So I was obligated (not that anyone had to twist my arm) to attend the SDCSS Winter Show & Sale.

I heard that it’s the second largest cactus & succulent show & sale in the United States, right behind the SDCSS Summer Show & Sale.

It looks like I’m going to have a great time meeting lots of people, seeing lots of cool plants, taking lots of pictures, and, of course, compiling the newsletter each month.

Here’s my favorite picture from this past weekend:

IMG_7761 Coco

That’s Coco. She’s just a year old and belongs to one of our SDCSS members. One of her parents was a floppy-eared dog and the other parent was a perky-eared dog. Hence, the floppy ear and the perky ear on little Coco, which I thought was sooooooooooooooo cute.

Fortunately, my assistant, a cutie herself, is not jealous so she did approve this post.

I'm Zoey the Cool Cat, and I approve this post

Out & About—All auto clinics are not created equal

Out & About San Diego

Ocean Beach is a quaint little neighborhood of San Diego. They believe in themselves, so much so that they want to remain stuck in the twentieth century, and the earlier the better.

The homes along Sunset Cliffs are beautiful ocean-view homes, and many of the businesses at ground level on one side are at the top of the sandstone beach bluffs on the other side. Occasionally, when Mother & Father Nature are fighting, the waves will crash against the bluffs and cause large sections to fall to the beach. Such was the case a few months ago, so I went out to see if I could get some pictures. Nope. The only way the bluffs there were accessible is by boat, and I didn’t have a boat. So I wandered around taking pictures of businesses.

That’s when I found Cliffside Auto Clinic. You might think, “Auto repair shop. Meh.”, but look what’s sitting in front of Cliffiside Auto Clinic:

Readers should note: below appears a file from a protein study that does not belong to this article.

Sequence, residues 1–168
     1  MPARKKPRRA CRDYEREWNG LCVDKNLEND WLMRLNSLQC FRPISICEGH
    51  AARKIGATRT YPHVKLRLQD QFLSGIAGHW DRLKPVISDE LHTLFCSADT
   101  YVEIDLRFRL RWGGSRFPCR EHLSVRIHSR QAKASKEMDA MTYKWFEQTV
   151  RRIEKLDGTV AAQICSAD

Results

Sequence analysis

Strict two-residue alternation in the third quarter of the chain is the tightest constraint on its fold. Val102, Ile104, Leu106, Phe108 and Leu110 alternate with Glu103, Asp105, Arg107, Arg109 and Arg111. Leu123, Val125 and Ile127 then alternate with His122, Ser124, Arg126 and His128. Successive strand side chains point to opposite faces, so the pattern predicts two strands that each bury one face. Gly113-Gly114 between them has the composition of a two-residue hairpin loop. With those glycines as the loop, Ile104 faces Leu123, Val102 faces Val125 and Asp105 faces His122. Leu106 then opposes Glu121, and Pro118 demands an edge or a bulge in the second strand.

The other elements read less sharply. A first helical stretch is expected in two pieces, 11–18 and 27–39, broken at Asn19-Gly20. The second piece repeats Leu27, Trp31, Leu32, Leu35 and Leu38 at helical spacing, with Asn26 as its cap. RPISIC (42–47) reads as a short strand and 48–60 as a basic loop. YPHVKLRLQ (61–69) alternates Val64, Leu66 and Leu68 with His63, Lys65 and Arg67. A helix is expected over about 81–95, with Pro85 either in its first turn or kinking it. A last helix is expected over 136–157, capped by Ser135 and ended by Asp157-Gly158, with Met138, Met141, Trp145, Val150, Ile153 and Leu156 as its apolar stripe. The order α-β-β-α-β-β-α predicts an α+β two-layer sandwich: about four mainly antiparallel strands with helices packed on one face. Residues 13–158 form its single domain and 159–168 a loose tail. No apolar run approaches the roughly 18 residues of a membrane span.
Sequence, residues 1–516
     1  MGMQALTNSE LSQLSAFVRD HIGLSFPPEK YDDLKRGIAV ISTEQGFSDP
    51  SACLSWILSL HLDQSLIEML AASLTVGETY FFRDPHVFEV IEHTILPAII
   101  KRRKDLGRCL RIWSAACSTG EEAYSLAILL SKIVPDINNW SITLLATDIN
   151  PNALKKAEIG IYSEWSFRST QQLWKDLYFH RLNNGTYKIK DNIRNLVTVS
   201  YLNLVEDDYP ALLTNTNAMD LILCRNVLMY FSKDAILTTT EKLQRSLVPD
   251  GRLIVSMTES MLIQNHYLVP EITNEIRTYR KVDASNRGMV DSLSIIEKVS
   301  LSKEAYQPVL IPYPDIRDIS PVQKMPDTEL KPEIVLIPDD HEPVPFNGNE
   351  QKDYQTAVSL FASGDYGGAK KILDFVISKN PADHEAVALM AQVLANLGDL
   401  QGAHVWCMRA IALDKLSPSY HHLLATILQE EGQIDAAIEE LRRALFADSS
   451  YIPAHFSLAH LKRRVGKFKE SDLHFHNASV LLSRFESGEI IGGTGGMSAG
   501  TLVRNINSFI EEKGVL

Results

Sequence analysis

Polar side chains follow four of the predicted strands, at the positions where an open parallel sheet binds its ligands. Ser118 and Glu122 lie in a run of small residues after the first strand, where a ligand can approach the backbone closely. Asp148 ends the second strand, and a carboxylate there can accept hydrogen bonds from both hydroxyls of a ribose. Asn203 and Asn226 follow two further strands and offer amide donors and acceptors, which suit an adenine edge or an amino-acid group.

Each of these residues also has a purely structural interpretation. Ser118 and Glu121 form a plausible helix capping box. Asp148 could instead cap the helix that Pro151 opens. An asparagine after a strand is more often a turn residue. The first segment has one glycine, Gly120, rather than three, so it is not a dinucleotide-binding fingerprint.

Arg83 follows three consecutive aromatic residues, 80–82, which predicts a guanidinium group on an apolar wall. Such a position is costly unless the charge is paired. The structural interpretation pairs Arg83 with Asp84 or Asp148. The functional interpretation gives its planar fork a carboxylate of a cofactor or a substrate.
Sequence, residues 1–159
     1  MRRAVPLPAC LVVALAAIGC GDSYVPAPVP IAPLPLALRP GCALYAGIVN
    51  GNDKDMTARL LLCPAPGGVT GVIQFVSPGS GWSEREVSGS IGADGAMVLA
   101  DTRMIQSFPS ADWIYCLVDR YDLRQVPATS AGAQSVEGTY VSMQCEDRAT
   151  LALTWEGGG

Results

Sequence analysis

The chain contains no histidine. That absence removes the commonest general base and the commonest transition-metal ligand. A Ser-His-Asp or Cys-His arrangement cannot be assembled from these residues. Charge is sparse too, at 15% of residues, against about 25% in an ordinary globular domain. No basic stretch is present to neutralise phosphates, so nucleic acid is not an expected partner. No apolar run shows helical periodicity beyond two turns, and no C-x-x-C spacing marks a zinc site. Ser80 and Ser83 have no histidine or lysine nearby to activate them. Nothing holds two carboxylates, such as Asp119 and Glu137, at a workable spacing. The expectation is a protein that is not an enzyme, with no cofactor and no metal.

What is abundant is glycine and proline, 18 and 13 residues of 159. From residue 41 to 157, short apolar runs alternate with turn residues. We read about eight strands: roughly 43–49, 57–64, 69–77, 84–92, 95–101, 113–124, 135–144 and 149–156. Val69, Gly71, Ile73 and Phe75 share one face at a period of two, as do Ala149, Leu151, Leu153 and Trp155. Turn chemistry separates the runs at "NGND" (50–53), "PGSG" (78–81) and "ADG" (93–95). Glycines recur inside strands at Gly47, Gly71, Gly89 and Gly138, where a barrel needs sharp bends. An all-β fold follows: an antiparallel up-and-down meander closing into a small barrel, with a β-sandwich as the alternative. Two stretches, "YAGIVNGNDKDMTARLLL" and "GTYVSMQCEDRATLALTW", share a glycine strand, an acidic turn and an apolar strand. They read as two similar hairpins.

Cliffside Auto Clinic in Ocean Beach, San Diego

Cliffside Auto Clinic in Ocean Beach, San Diego

Cliffside Auto Clinic in Ocean Beach, San Diego

One might think, “Gosh, it takes them six decades to repair a car. The owners are probably dead by now!”

Nope.

Cliffside Auto Clinic specializes in restoring cars. How cool!

The “Horseless Carriage” really got my attention because it was in such bad shape:

Cliffside Auto Clinic in Ocean Beach, San Diego

Cliffside Auto Clinic in Ocean Beach, San Diego

Cliffside Auto Clinic in Ocean Beach, San Diego

Cliffside Auto Clinic in Ocean Beach, San Diego

Cliffside Auto Clinic in Ocean Beach, San Diego

I think the owner, whom I talked to that morning, said the Horseless Carriage was a 1909 Ford Model T but I’m not 100% sure.

There were other historic car-related items, too:

Cliffside Auto Clinic in Ocean Beach, San Diego

Cliffside Auto Clinic in Ocean Beach, San Diego

I also found two early Fidget Spinner prototypes:

Cliffside Auto Clinic in Ocean Beach, San Diego

I'm Zoey the Cool Cat, and I approve this post